WATERVILLE — In the film “The Miseducation of Cameron Post,” audiences watch as the titular character is plucked from her life and banished to a Christian conversion therapy camp in the ’90s after she is caught in an intimate moment with another girl at a school dance.

Cameron (Chloe Grace Moretz) and the other gay teens who have been sent to the camp, God’s Promise, by their parents — mostly without a choice — undergo the “therapy” and are told by teachers and counselors that their same-sex attraction is both sinful and a result of trauma. Some of the kids are pushed to the brink of self-hatred and depression during their time there. Cameron, during a moment of defeat in which she reluctantly and momentarily gives in to the treatment, says “I’m tired of feeling disgusted with myself.”

The conversion practice depicted in the film is the same one Maine lawmakers attempted to ban during the last legislative session with bill L.D. 912. The bill ultimately could not surmount Gov. Paul LePage’s veto.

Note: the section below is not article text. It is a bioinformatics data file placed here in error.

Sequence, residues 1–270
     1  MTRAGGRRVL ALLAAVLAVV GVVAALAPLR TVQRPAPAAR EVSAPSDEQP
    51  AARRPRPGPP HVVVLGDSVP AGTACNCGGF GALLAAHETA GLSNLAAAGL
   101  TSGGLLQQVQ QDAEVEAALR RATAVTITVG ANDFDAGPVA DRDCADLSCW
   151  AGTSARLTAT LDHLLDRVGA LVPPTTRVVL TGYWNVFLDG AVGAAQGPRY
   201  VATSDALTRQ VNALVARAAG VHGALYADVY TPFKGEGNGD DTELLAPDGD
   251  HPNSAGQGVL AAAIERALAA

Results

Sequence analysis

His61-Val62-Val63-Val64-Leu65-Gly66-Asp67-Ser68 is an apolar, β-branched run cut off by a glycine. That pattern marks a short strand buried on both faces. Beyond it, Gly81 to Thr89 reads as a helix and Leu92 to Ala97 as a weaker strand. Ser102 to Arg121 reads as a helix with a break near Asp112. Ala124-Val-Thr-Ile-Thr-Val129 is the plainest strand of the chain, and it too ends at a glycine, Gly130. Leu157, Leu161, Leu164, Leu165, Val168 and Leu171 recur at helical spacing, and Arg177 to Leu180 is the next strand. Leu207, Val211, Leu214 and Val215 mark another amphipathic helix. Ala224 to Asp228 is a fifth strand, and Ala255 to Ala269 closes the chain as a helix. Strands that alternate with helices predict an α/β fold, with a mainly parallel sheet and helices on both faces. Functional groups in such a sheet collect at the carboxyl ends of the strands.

From left, Rep. Colleen Madigan, D-Waterville; Oamshri Amarasingham, policy director at the ACLU of Maine; Rep. Ryan Fecteau, D-Biddeford; Rep. Matthew Moonen, D-Portland and director of Equality Maine, speak during a panel discussion Tuesday at Railroad Square Cinemas in Waterville after a screening of the film “The Miseducation of Cameron Post” at the Maine International Film Festival. The film addresses conversion therapy, a practice that attempts to change a person’s sexual orientation or gender identity. Staff photo by Michael G. Seamans